“. . . Then there’s Merevale—rather a decent sort—and Dacre.”
“What sort of a man is Mr. Dacre?”
“Rather a rotter, I think.”
“What is a rotter, Mr. MacArthur?”
“Well, I don’t know how to describe it exactly. He doesn’t play cricket or anything. He’s generally considered rather a crock.”
“Really! This is very interesting, Mr. MacArthur. And what is a crock? I suppose what it comes to,” she added, as the Babe did his best to find a definition, “is this, that you yourself dislike him.” The Babe admitted the impeachment. Mr. Dacre had a finished gift of sarcasm which had made him writhe on several occasions, and sarcastic masters are rarely very popular.
“Ah!” said Miss Beezley. She made frequent use of that monosyllable. It generally gave the Babe the same sort of feeling as he had been accustomed to experience in the happy days of his childhood when he had been caught stealing jam.
Miss Beezley went at last, and the Babe felt like a convict who has just received a free pardon.
One afternoon in the following term he was playing fives with Charteris, a prefect in Merevale’s house. Charteris was remarkable from the fact that he edited and published at his own expense an unofficial and highly personal paper, called the Glowworm, which was a great deal more in demand than the recognized school magazine, the Austinian, and always paid its expenses handsomely.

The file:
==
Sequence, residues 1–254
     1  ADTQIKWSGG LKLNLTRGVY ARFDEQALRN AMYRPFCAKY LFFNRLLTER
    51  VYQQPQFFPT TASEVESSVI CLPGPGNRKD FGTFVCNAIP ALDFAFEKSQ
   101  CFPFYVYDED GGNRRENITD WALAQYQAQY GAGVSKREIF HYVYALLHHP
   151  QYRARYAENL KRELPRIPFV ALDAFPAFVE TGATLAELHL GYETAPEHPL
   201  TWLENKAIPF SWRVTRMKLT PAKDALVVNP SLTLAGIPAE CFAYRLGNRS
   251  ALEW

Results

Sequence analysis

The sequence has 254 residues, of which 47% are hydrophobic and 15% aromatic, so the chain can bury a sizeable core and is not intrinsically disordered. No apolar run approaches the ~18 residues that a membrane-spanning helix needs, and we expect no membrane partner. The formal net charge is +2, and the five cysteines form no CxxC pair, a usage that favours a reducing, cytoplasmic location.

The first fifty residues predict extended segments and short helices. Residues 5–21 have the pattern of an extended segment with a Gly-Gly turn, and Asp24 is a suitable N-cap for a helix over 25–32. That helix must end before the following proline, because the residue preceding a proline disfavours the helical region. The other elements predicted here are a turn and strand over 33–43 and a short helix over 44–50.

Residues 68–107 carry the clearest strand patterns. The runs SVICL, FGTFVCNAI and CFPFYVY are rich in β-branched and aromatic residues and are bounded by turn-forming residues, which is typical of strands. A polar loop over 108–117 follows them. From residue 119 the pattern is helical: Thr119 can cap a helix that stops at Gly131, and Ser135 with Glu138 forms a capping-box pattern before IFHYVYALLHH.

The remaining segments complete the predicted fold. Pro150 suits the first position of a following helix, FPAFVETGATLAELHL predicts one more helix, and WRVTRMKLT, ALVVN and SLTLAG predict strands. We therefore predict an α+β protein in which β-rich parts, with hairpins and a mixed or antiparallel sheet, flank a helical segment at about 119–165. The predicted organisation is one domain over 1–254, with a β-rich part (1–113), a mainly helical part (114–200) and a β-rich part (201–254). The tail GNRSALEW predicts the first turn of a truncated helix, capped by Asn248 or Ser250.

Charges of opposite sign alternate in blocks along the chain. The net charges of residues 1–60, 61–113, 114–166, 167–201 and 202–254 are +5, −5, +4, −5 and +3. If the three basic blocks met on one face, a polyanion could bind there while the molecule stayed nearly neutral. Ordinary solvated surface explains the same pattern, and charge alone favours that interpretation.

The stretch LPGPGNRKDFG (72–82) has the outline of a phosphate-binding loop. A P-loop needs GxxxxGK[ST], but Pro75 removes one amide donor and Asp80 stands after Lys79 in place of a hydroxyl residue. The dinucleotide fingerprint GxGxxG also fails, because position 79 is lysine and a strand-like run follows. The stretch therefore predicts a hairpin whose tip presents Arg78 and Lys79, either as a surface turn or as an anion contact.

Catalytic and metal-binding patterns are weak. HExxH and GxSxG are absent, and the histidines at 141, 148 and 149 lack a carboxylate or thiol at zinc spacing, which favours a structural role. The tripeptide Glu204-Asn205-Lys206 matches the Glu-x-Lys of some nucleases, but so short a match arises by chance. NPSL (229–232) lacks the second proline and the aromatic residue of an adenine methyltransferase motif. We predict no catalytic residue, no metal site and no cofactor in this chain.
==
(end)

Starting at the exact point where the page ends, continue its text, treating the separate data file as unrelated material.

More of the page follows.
Charteris had the journalistic taint very badly. He was always the first to get wind of any piece of school news. On this occasion he was in possession of an exclusive item. The Babe was the first person to whom he communicated it.
“Have you heard the latest romance in high life, Babe?” he observed, as they were leaving the court. “But of course you haven’t. You never do hear anything.”
“Well?” asked the Babe, patiently.
“You know Dacre?”
“I seem to have heard the name somewhere.”
“He’s going to be married.”
“Yes. Don’t trouble to try and look interested. You’re one of those offensive people who mind their own business and nobody else’s. Only I thought I’d tell you. Then you’ll have a remote chance of understanding my quips on the subject in next week’s Glowworm. You laddies frae the north have to be carefully prepared for the subtler flights of wit.”
“Thanks,” said the Babe, placidly. “Good-night.”